What is impingement, what causes it after resurfacing, what are the symptoms and what do you advise patients to do if they experience it?

Dr. Thomas Gross
Impingement in hip resurfacing is painless. I have seen it many times as a focal area of neck narrowing on XR.I am aware of one small report on painful impingement. I am skeptical. I believe those patients may have had pain from another cause. At any rate, the evidence presented was anecdotal and did not convince me that a cause and effect relationship existed. it is talked about a lot by the experts, but convincing evidence is lacking.

I understand impingement to be as Dr. Ganz described it in hips with certain deformities (without implants).There is cam and pincer type. People with these deformities have them from an early age and are asymptomatic for many years except possibly noticing a lack of motion of their hips. These deformities do cause extra stress on the hyaline and labral cartilage of the hip joint. Eventually these cartilage structures fail. This is when pain starts. Hip Impingement DOES NOT hurt. Cartilage tears as a result of impingement HURTS. I have seen hundreds of hip XR with hip impingement deformities that are painless (on the opposite hip of patients that I resurface). With time, many of these patients become painful when they develop cartilage damage.

Therefore, it is unlikely that impingement after hip resurfacing hurts. there is no cartilage to tear. I think that patients who hurt after resurfacing may have other problems such as:
Failure of bone ingrowth into the socket: sometimes difficult to diagnose. serial XR over 6 months to 2 years are best.
Psoas tendonitis: a clinical diagnosis. No exact diagnostic test exists. Psoas injection may help.
Wear related inflammation: metal ion testing and MRI are helpful.
If you have a painful hip resurfacing, careful evaluation by an experienced resurfacing surgeon may lead to the answer. Sometimes it takes quite some time to come to a conclusion. For example the XR changes of socket failure of ingrowth can sometimes take years to develop.


Dr. Peter Brooks
Femoroacetabular impingement (FAI) is being increasingly recognized as a major cause of early adult hip arthritis, especially in men (in women, dysplasia is more common). In FAI there is abnormal hitting of the ball against the edge of the socket during motion, due to deformity of the ball, socket, or both. As one bone hits the other ("impingement") there can be damage to the cartilage and labrum which leads to arthritis.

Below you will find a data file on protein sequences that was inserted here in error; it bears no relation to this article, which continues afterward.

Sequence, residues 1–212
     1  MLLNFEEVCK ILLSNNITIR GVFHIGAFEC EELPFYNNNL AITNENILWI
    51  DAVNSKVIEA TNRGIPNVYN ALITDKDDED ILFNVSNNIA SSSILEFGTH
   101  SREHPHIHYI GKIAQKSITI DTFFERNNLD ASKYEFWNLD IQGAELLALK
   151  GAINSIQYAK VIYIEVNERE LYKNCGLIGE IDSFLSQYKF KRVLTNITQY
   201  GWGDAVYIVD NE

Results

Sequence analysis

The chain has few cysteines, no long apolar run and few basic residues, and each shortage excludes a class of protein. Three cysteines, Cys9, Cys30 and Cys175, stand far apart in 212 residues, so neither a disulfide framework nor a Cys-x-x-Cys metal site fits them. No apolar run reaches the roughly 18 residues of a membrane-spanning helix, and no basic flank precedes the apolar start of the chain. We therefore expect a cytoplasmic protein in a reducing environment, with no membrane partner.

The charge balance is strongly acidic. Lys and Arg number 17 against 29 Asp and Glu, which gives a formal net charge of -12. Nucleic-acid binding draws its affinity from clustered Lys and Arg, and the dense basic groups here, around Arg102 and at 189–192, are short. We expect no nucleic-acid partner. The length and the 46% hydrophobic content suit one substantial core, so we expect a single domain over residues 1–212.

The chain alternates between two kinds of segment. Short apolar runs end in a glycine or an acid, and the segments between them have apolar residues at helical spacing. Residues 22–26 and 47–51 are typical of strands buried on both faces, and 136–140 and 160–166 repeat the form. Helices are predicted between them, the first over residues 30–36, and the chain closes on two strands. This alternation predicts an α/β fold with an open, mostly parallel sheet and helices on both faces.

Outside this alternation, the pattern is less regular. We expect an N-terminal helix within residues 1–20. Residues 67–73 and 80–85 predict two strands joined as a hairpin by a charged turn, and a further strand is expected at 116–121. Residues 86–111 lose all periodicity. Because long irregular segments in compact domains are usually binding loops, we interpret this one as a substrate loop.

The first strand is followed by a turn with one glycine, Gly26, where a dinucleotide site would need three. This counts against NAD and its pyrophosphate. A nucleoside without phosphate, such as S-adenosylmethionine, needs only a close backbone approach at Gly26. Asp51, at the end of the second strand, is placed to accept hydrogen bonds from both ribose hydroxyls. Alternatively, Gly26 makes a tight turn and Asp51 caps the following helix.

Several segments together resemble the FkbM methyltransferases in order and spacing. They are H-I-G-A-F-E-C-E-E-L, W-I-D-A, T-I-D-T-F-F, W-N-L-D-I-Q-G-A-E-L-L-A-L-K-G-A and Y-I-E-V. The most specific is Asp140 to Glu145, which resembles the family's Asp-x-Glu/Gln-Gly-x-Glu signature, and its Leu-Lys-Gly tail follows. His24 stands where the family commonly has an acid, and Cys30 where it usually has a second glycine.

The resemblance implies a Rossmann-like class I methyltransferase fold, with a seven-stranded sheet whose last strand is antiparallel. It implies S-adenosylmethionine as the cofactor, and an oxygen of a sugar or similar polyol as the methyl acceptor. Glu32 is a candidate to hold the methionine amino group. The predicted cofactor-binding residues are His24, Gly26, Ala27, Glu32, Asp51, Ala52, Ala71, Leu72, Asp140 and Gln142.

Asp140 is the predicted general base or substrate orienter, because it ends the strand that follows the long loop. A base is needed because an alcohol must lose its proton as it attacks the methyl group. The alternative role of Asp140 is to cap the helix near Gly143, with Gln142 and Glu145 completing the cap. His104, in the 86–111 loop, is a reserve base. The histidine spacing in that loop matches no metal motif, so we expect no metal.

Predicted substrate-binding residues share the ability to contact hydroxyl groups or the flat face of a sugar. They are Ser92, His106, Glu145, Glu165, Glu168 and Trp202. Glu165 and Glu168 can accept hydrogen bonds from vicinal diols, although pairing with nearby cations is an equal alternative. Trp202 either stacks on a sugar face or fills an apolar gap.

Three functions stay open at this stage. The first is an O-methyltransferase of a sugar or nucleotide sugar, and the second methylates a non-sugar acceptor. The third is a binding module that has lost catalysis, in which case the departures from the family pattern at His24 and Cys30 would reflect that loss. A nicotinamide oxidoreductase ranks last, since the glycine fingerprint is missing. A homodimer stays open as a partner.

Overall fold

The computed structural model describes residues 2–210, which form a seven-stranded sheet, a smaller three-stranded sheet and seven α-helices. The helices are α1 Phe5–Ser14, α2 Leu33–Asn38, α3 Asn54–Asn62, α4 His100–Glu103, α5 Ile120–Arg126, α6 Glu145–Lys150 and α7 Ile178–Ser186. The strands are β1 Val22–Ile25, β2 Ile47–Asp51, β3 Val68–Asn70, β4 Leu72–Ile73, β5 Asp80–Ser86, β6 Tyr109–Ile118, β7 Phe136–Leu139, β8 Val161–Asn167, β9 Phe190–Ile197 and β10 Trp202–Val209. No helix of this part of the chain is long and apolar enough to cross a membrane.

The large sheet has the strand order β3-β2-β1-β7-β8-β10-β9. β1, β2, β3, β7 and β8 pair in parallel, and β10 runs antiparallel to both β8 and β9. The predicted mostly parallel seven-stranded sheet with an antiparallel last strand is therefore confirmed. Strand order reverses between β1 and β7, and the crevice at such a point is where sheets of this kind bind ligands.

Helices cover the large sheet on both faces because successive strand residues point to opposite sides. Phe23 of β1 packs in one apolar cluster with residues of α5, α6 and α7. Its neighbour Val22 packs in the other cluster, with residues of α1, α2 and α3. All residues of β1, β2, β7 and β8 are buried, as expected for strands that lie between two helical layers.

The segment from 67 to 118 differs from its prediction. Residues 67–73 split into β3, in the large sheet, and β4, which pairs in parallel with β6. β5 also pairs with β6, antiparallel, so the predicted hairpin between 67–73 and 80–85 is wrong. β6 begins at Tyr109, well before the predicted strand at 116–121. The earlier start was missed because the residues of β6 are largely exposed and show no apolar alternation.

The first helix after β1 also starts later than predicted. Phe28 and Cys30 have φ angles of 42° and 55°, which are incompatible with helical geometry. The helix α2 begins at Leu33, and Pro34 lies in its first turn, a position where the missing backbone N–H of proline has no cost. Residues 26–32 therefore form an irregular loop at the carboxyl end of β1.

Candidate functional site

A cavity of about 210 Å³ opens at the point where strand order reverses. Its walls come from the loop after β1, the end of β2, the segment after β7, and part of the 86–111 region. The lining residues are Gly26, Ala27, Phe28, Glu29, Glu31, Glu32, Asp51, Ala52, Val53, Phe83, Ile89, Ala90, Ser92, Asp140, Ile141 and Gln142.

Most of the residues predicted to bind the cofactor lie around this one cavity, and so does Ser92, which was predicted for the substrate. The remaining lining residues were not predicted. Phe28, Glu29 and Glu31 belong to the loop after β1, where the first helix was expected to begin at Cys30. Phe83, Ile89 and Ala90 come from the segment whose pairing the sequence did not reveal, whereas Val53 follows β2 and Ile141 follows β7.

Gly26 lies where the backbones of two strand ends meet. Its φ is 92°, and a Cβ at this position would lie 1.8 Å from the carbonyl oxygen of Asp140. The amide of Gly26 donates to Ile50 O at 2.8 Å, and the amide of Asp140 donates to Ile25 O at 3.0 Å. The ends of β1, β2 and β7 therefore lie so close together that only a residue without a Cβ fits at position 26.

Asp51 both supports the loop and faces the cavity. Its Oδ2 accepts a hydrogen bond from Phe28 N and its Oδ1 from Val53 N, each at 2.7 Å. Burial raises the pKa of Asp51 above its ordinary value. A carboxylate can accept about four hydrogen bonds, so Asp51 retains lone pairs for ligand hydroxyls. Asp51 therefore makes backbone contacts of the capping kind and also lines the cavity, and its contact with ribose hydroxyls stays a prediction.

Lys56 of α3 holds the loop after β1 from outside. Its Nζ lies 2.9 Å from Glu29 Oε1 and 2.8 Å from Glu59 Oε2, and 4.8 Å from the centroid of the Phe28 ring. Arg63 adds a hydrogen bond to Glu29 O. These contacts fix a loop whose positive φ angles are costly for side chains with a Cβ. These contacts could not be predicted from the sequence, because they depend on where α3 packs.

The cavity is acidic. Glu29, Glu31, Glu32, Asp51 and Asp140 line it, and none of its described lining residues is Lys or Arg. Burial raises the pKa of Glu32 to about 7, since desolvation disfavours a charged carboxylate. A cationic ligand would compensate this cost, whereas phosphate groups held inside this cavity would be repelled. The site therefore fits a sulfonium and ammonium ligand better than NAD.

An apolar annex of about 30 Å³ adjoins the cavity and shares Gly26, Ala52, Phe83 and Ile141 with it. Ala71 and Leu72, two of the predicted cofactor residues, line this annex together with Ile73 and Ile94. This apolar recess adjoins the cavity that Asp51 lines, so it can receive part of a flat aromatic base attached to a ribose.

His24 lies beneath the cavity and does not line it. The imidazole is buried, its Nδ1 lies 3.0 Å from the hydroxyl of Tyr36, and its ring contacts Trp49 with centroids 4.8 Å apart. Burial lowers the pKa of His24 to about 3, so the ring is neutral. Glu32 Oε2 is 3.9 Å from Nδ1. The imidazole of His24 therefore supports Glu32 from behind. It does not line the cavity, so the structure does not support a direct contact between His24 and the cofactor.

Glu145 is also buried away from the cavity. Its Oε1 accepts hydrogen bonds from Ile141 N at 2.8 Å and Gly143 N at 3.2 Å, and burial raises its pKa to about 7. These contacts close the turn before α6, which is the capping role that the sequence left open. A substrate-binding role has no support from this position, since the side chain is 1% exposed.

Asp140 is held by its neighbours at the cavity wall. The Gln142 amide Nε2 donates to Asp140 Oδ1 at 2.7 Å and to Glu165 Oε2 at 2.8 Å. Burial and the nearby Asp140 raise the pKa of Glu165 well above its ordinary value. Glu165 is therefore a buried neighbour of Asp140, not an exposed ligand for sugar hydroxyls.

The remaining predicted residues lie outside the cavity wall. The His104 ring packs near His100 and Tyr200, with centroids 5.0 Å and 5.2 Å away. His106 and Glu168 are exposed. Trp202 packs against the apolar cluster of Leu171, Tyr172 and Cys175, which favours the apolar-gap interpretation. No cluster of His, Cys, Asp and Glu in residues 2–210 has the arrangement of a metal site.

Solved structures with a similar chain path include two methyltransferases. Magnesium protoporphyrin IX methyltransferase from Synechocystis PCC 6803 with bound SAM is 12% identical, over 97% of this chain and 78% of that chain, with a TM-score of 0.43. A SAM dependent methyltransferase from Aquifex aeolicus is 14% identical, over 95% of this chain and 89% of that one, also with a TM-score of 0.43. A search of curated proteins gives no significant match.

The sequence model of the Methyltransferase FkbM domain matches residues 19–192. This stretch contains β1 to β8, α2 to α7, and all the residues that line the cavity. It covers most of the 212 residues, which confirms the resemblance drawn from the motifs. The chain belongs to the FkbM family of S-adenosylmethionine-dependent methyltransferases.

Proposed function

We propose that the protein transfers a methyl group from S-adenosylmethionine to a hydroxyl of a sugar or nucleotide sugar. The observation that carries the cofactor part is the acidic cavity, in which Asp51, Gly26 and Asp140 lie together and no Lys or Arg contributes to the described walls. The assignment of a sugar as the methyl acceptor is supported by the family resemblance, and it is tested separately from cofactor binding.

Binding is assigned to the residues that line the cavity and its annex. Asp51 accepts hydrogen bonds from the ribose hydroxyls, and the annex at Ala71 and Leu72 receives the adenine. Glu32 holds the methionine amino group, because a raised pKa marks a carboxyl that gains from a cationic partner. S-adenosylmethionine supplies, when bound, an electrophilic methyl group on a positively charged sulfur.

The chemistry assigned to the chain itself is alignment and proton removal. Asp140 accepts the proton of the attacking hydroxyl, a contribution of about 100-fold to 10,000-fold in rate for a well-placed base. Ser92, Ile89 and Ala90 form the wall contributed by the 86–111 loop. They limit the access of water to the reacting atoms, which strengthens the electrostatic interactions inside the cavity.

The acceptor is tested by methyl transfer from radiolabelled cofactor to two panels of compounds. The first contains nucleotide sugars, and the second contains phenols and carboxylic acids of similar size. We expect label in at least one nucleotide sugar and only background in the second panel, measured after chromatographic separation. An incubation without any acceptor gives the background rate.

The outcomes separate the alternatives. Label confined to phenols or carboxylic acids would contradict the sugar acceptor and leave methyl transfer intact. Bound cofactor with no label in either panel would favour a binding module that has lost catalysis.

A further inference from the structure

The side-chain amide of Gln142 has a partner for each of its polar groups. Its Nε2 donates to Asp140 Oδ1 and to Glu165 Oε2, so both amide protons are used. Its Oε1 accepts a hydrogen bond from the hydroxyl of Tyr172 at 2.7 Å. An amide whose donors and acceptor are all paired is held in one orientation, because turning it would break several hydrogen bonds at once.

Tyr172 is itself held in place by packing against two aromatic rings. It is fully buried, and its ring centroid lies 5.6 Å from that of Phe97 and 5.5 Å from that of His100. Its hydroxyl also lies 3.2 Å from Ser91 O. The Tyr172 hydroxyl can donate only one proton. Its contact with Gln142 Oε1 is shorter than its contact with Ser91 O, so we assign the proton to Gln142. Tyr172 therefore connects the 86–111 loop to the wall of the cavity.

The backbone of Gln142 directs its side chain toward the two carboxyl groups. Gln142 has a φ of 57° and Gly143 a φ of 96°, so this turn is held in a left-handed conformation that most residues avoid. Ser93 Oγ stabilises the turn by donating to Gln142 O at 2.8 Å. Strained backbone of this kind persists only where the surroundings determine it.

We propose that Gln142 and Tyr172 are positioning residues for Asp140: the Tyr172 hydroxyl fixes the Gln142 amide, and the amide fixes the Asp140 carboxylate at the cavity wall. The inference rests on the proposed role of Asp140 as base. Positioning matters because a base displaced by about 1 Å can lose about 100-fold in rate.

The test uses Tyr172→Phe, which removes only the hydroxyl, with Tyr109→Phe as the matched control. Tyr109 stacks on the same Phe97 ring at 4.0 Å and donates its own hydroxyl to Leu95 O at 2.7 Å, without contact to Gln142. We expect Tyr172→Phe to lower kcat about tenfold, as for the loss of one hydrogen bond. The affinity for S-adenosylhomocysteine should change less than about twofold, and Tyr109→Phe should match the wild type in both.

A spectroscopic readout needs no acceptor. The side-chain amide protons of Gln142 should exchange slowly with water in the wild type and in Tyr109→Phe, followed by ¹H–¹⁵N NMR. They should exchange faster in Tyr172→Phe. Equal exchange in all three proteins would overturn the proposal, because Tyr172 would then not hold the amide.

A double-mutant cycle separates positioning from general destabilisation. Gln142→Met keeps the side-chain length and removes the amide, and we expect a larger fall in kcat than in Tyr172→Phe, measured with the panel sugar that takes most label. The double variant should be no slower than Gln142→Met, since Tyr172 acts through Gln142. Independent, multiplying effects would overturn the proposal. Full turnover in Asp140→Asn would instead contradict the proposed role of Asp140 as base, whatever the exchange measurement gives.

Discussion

In the most common form, there is a bony bump on the front of the femoral neck. Many patients have to turn their leg outwards as the flex up, due to this. They cannot bring their knee straight up to the chest, it has to turn.

Operations have been developed to remove this bump, as well as other impinging bone, and to repair the labrum. Some can even be done arthroscopically.

Unfortunately, if there is even a bit of arthritis already present, these operations do not last long, so most surgeons go ahead and recommend total hip replacement or resurfacing.

Total hip replacement generally removes so much bone that the impinging bone is taken as well, so impingement is unusual after THR.

With hip resurfacing, however, the surgeon must take into account all the deformity of the femoral neck and socket. Realizing that a great many patients being resurfaced have FAI, and the femoral neck is preserved, you can see that simple resurfacing without addressing the impingent can result in impingement after surgery.

The experienced hip resurfacing surgeon will remove the offending bone from the femoral neck and the edge of the socket.

Failure to address impingement during resurfacing can lead to several problems. First, there may be persistent pain. This may be one reason that resurfacing has a higher incidence of groin pain than traditional total hip replacement, where the femoral neck is gone, and cannot impinge. Secondly, whenever there is bumping together of bone during movement, the ball and socket may be pried apart. In going in and out this way, edge wear is set up leading to higher metal debris, ion levels, etc.

Thirdly, range of motion may be limited, so that it may continue to be difficult to reach socks and shoes, like it was before surgery.

Another source of post-operative impingement is component malposition. Here, a socket that is facing too much to the front or back (called anteversion and retroversion), or is too horizontal, results in impingement of the femoral neck against the edge of the socket. This leads to notching of the neck and limited motion.

Impingement is an interesting an important topic, whether it occurs before or after hip resurfacing. The fact that it is much more likely with resurfacing than with replacement is another reason that hip resurfacing is a more difficult procedure."